Committee Comments to the July 1, 2009, Amendment to Rule 55(dc) All judgments entered by a district court in unlawful-detainer actions, residential and commercial, are subject to the 2006 amendment to § 6-6-350, Ala. Code 1975, which reduced the appeal time from 14 to 7 days for appeals of such judgments to the circuit court. Rule 55(dc) has been amended to require postjudgment motions filed in unlawful-detainer actions by a party under this rule to be filed within the seven-day appeal period. If filed within that period such motions will be subject to the provisions of Rule 59.1(dc) regarding the disposition of posttrial motions. In view of the seven-day period for taking an appeal, the amendment also reduces to seven days the time within which the court may, on its own motion, set aside a default judgment in an unlawfuldetainer action.

Committee Comments to Amendment to Rule 55(dc) Effective November 28, 2012

Issues have been raised regarding the applicability in the district court of certain rules of procedure to possessory actions for eviction under the Alabama Uniform Residential Landlord and Tenant Act, Ala. Code 1975, §35-9A-101 et seq., as amended, and to possessory actions for unlawful detainer under Ala. Code 1975, §6-6-310(2). This amendment addresses those issues.

First, language has been added to the (dc) provision of Rule 55 to make it clear that the exception therein applies to both eviction and unlawful-detainer actions. Second, with regard to computation of time in eviction and unlawful-detainer actions, the amendment makes it clear that the exclusion in Rule 6(a) of Saturdays, Sundays, and legal holidays for the computation of periods of less than 11 days has no application to the computation of any time periods in the district court in possessory actions for eviction or unlawful detainer and that “day” means “calendar day” in those computations.

District Court Committee Comments

Reference to trial by jury at Rule 55(b)(2) is, of course, inappropriate for district court practice, in view of the absence of provision for jury trials. References to the provisions for suits for divorce or annulment of marriage at Rule 55(e) are inappropriate, because of the unavailability of such relief in the district court.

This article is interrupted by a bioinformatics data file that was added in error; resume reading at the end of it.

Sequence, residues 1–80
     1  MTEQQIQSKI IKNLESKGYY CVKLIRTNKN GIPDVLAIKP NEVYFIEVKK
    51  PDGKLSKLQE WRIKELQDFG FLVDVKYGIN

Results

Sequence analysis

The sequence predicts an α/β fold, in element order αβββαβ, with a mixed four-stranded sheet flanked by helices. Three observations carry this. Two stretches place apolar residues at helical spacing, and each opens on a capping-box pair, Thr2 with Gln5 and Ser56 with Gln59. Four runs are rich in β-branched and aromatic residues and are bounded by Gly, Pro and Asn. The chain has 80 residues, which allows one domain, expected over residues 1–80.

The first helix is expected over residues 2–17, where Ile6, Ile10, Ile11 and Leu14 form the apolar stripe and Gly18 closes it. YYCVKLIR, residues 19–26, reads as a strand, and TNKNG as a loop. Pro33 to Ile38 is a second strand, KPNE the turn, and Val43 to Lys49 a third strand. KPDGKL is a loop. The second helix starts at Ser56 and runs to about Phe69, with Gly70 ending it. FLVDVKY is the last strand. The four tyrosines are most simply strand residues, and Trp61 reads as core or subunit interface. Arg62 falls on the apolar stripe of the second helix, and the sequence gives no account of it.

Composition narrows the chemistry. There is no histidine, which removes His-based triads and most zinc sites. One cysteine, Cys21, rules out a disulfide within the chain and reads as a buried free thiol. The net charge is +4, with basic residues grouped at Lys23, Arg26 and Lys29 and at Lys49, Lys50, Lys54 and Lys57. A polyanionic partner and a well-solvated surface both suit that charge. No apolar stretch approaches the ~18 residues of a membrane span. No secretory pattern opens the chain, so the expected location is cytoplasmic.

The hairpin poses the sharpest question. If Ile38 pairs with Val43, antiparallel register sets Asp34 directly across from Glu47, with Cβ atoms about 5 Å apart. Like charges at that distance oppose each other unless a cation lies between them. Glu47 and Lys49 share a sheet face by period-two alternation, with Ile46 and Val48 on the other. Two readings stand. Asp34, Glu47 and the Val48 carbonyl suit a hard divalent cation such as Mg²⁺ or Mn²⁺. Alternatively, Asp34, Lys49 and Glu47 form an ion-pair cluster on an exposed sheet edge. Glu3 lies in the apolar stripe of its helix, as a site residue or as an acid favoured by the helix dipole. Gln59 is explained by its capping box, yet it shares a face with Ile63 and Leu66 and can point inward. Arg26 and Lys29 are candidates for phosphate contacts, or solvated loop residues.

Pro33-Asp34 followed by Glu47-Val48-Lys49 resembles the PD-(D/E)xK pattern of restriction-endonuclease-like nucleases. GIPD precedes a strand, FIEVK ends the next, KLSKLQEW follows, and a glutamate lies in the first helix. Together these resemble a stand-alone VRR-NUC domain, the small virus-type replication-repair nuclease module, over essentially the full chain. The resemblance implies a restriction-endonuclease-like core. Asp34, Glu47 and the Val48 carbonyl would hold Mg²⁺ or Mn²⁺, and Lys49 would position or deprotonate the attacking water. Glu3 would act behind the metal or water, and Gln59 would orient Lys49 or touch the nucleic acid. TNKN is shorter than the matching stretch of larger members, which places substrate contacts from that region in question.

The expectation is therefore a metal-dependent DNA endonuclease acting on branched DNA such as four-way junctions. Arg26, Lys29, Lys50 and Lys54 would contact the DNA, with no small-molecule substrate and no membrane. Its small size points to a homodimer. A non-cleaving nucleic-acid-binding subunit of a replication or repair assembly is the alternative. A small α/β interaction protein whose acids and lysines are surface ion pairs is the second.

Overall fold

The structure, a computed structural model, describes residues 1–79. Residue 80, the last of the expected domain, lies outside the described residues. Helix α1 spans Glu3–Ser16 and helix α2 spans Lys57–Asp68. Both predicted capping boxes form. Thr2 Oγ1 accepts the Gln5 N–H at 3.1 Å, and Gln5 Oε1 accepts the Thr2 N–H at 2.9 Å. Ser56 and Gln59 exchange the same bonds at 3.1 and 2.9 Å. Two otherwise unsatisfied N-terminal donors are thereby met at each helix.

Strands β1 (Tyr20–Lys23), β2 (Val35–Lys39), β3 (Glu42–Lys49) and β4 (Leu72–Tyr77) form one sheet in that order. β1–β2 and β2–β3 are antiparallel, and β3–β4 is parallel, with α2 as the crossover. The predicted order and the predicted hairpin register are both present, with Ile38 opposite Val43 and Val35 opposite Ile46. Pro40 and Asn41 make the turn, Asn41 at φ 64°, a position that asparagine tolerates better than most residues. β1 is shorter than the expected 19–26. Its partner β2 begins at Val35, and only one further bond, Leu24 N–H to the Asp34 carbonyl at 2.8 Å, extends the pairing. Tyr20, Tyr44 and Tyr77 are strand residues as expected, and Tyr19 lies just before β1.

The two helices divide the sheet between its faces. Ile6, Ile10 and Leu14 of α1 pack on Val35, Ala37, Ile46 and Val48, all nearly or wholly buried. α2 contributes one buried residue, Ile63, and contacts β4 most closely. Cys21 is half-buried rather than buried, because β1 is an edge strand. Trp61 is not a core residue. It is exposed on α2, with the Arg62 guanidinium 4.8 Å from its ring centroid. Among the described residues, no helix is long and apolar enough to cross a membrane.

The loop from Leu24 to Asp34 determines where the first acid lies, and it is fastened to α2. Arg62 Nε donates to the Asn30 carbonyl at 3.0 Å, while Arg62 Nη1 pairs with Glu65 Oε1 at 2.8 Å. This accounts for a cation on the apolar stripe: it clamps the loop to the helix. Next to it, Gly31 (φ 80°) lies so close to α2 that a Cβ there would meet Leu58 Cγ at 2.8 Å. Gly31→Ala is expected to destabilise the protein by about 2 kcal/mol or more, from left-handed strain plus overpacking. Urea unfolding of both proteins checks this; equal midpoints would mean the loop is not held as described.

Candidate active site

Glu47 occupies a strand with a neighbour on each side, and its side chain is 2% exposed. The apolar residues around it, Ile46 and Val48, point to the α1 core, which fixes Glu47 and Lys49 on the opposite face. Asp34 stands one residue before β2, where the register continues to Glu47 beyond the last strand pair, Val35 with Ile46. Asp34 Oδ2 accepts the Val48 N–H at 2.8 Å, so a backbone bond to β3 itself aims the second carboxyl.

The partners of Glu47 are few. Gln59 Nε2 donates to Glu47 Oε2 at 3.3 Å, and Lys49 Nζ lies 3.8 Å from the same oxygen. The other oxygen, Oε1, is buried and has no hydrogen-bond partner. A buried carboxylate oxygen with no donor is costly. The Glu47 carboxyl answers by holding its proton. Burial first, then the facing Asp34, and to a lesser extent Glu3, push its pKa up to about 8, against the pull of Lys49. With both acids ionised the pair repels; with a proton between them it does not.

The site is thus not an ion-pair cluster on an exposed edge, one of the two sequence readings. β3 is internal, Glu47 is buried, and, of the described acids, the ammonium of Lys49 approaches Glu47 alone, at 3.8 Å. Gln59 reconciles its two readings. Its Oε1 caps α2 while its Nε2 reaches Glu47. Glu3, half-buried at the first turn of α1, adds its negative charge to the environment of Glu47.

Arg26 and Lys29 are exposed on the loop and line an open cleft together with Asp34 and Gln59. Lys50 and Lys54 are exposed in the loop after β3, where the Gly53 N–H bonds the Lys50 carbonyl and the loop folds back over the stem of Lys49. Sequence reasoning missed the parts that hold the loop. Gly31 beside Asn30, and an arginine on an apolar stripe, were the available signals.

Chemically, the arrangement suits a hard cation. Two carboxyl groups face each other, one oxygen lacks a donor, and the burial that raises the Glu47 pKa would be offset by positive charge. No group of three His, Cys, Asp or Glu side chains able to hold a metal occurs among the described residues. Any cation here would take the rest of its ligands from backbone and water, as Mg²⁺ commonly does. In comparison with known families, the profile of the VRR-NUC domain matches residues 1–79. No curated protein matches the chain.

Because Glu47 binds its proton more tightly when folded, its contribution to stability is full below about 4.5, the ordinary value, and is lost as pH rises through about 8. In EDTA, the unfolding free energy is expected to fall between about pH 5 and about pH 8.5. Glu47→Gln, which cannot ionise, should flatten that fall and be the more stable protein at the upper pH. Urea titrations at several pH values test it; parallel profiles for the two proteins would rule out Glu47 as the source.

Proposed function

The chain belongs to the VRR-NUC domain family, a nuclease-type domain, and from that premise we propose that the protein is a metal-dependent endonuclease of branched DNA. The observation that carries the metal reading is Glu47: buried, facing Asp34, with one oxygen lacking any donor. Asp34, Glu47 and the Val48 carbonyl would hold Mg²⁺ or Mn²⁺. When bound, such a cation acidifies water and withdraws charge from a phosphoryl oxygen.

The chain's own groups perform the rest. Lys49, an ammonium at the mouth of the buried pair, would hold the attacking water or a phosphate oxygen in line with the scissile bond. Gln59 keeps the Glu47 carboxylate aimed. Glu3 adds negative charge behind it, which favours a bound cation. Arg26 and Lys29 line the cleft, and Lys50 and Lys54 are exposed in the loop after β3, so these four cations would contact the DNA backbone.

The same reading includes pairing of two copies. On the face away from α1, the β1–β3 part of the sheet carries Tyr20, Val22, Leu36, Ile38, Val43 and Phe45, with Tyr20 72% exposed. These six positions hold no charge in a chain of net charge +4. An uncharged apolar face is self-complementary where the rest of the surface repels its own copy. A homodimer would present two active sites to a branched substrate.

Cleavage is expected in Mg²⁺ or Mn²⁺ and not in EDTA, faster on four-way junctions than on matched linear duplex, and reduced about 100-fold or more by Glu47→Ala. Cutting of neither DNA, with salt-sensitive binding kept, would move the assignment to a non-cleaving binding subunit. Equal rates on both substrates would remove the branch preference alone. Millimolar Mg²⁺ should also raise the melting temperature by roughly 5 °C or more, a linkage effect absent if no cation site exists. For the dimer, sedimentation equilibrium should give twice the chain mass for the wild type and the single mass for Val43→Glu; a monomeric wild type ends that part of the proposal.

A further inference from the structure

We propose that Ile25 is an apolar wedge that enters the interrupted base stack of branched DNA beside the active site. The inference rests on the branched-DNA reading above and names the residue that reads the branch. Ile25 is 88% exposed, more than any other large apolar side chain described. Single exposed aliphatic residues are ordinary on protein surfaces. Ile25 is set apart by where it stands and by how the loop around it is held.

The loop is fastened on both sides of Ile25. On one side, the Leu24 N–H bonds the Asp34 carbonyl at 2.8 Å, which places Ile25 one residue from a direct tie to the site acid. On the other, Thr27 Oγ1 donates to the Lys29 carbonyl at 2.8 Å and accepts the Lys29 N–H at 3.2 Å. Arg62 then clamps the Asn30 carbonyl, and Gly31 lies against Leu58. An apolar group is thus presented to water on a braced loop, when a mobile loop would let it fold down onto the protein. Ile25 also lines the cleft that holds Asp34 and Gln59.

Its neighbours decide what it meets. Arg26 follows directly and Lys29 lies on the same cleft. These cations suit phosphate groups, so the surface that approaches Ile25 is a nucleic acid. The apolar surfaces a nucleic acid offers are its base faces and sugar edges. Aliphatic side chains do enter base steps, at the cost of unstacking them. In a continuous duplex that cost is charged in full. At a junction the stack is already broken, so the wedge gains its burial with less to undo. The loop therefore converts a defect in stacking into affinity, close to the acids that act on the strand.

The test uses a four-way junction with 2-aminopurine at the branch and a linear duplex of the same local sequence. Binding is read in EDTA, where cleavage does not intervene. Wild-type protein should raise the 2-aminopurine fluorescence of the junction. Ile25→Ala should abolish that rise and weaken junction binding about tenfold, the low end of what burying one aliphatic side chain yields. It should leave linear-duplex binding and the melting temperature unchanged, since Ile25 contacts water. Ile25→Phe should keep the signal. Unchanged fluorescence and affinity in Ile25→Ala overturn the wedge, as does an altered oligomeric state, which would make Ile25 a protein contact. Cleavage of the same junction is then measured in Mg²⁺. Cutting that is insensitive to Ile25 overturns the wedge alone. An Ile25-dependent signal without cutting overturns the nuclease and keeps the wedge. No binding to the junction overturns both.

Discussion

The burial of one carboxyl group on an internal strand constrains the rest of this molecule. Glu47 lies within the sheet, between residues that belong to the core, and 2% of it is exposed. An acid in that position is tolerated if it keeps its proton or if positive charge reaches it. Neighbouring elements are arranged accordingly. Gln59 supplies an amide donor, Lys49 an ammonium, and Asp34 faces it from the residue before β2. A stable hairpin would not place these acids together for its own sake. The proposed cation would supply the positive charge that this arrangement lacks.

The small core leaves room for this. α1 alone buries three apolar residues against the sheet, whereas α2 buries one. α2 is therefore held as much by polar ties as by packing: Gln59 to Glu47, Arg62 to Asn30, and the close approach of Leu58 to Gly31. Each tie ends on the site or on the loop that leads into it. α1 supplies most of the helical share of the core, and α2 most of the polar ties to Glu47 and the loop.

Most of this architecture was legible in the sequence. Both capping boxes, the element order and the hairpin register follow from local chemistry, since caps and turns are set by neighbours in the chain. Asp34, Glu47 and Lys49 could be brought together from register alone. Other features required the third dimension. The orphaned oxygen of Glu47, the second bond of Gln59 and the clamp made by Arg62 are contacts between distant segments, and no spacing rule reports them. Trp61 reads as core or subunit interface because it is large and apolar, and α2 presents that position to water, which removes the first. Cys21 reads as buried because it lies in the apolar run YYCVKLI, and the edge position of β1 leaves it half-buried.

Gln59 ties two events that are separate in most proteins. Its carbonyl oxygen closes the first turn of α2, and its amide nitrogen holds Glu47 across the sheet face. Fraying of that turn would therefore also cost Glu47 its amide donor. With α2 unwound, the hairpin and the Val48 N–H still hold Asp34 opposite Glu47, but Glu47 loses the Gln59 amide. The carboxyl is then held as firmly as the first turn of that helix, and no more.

Motions for relief from default or default judgment within the fourteen days (Rule 55(c) as modified by Rule 55(dc)) should be denied only under the most extraordinary circumstances, in view of the limited time in which a defendant must serve an answer in the district court.

Note from the reporter of decisions: The order amending effective October 24, 2008, Rule 3, Rule 4, Rule 5, Rule 6, Rule 11, Rule 55, Rule 58, Rule 59.1, Rule 77, and Rule 79, and adopting effective October 24, 2008, the Committee Comments to Amendment to Rule 3(b) Effective October 24, 2008; Committee Comments to Amendments to Rule 4 Effective October 24, 2008; Committee Comments to Amendments to Rule 5 Effective October 24, 2008; Committee Comments to Amendments to Rule 6 Effective October 24, 2008; Committee Comments to Amendment to Rule 11 Effective October 24, 2008; Committee Comments to Amendment to Rule 55(a) Effective October 24, 2008; Committee Comments to Amendments to Rule 58 Effective October 24, 2008; Committee Comments to Amendment to Rule 59.1 Effective October 24, 2008; Committee Comments to Amendments to Rule 77(d) Effective October 24, 2008; and the Committee Comments to Addition of Rule 79(e) Effective October 24, 2008, is published in that volume of Alabama Reporter that contains Alabama cases from 994 So. 2d.

Note from the reporter of decisions: The order amending, effective July 1, 2009, Rule 52(dc), Rule 55(dc), Rule 58(b), and Rule 59(dc), and adopting effective July 1, 2009, the Committee Comments to the July 1, 2009, Amendment to Rule 52(dc), the Committee Comments to the July 1, 2009, Amendment to Rule 55(dc), and the Committee Comments to the July 1, 2009, Amendment to Rule 59(dc) is published in that volume of Alabama Reporter that contains Alabama cases from 7 So. 3d. Note from the reporter of decisions: The order amending, effective November 28, 2012, Rule 6(dc), Rule 12(dc), Rule 52(dc), Rule 55(dc), Rule 59(dc), and Rule 62(dc), and adopting the Committee Comments to the Amendment to Rule 6(dc) Effective November 28, 2012, the Committee Comments to the Amendment to Rule 12(dc) Effective November 28, 2012, the Committee Comments to the Amendment to Rule 52(dc) Effective November 28, 2012, the Committee Comments to the Amendment to Rule 55(dc) Effective November 28, 2012, the Committee Comments to the Amendment to Rule 59(dc) Effective November 28, 2012, and the Committee Comments to the Amendment to Rule 62(dc) Effective November 28, 2012, is published in that volume of Alabama Reporter that contains Alabama cases from ___ So. 3d.